"What Are You?" | My Family Travels
Teaching in China

“You’re too dark, and your Chinese sounds too funny for you to be Chinese, you’re not fat enough to be American… what are you?” bluntly inquired the local six-year-old Shanghai boy at the Global Education “World Expo Summer Camp,” where I was teaching English for the summer. When I explained that I was Chinese-American, he replied with incredulity, “You’re only allowed to be one, not both!” But I decisively am both, if not more; I am an American Born Chinese (ABC) who has had the blessing of learning about and appreciating the differences between my cultures through my experience in China last summer, coming to a richer understanding of what it means to be a world citizen.

I wish that everyone would be able to have their eyes opened with my experiences; it would undoubtedly instill in them a newfound sense of respect for others, no matter how different or strange. When I look to the prejudice, hatred, and wars of today, I wish that others could see those conflicts from my perspective and realize we are all the same people, and that we have so much more in common holding us together than differences tearing us apart.

I’ve climbed mountains with teenagers at 2am on a remote Hong Kong island through the Outward Bound Backpacking program, with nothing to guide us on the steep, rocky trail but the moonlight and our own willpower, everyone singing cheesy Chinese pop songs to stay awake and motivated. At the Shanghai Expo summer camp, I’ve clumsily lost my balance and hit my head while leading my class of local middle school students in “head, shoulders, knees and toes” in both Chinese and English; my head still throbbed later, as I gave them a tour of the China exhibit of the World Expo. And while volunteering at the Philip Hayden “Shepherd’s Field” Chinese orphanage for disabled and abandoned children, I befriended Wendy, a girl my age who was orphaned and crippled in a household fire. We’ve compared our favorite Chinese dramas, cartoons, and music artists, laughing lightheartedly. Nothing tangible can capture how much I was touched by her quiet smile as she performed the piano piece I taught her, as the whole orphanage listened in amazement. I’ve been immersed in my heritage: suffering, singing, teaching, laughing, and living with its ambassadors.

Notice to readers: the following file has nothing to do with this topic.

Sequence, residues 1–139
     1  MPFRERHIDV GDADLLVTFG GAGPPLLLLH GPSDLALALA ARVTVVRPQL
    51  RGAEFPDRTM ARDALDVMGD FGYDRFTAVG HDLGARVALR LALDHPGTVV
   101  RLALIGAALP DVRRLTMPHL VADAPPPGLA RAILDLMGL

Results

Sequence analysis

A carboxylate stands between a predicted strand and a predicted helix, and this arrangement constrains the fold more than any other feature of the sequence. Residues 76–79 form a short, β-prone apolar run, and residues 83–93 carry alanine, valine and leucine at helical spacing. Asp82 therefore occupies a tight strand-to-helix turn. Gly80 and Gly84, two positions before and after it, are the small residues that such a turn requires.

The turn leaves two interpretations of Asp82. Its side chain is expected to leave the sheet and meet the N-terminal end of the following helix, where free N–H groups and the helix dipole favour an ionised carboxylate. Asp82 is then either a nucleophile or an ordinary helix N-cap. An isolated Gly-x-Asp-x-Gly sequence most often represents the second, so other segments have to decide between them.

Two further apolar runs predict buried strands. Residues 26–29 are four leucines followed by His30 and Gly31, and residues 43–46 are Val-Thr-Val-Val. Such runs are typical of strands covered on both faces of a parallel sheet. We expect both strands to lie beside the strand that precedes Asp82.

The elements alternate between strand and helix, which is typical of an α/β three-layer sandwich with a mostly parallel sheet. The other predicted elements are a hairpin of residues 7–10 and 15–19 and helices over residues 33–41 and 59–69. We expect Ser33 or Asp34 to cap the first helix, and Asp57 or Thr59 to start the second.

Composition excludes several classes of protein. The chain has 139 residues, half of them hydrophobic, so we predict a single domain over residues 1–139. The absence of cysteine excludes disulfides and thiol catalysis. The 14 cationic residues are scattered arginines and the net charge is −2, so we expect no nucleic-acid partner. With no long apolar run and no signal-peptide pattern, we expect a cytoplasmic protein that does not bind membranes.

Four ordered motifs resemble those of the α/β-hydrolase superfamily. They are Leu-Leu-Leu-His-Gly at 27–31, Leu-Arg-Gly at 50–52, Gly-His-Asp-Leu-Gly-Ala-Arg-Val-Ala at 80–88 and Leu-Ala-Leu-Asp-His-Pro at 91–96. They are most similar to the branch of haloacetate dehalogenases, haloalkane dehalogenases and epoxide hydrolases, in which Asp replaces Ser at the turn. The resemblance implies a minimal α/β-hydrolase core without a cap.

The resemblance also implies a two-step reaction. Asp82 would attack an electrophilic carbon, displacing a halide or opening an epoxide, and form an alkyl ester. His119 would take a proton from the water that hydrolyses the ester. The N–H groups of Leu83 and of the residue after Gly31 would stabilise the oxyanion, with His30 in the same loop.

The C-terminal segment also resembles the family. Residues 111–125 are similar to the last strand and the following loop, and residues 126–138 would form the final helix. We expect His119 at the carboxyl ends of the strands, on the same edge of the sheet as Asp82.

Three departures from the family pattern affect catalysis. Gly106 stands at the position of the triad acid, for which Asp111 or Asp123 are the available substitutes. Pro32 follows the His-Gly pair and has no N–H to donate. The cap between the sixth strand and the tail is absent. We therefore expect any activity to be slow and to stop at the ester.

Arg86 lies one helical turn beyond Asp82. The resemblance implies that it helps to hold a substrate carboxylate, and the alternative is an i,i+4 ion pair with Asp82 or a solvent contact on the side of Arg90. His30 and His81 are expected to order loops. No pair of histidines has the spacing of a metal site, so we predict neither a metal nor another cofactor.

After this immersion in my native Chinese culture, I have learned to celebrate my culture at home as well, from honoring the moon festival by giving out moon cakes to my friends and teachers, to learning Tai Chi from my grandmother, who always implores me to move more gracefully. As language is crucial to a deeper understanding of my culture, I challenged myself by enrolling in AP Chinese Language. This way, in my future travels back to my homeland my Chinese will no longer sound “funny” to the natives. Most importantly, I have learned that it is a blessing to be born into two vastly different cultures; I have at times been torn between conflicting traditions and beliefs, but it has made me more aware of each culture’s unique characteristics. Looking past the differences on the surface, I’ve realized that in the end, people of all cultures value the same things – family, love, hard work – fear the same things, suffer the same way, and rejoice at the same successes. I am immensely grateful for the opportunity to see the world from this viewpoint, to realize that no matter how different we are from each other, that we are all citizens of the same world community.

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